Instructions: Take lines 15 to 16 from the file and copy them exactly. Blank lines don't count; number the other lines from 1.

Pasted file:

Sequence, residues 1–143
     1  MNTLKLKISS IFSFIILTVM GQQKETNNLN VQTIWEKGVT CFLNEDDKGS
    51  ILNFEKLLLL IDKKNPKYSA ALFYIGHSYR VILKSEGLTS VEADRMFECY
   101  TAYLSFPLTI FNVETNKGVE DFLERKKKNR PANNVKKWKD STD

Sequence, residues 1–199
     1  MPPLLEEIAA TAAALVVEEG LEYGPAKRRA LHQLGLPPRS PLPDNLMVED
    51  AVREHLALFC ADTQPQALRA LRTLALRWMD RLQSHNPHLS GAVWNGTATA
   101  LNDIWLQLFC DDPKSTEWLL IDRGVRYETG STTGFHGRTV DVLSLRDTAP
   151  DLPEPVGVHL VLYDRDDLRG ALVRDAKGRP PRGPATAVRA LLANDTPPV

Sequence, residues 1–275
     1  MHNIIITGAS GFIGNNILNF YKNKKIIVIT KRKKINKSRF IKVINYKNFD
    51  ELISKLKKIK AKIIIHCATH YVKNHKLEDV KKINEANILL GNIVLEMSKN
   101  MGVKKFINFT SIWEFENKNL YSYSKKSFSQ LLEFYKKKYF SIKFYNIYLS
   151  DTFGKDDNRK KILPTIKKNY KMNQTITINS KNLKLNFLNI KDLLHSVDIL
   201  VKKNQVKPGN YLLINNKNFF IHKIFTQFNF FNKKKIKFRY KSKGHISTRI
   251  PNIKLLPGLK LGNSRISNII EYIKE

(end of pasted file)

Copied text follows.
   201  VKKNQVKPGN YLLINNKNFF IHKIFTQFNF FNKKKIKFRY KSKGHISTRI
   251  PNIKLLPGLK LGNSRISNII EYIKE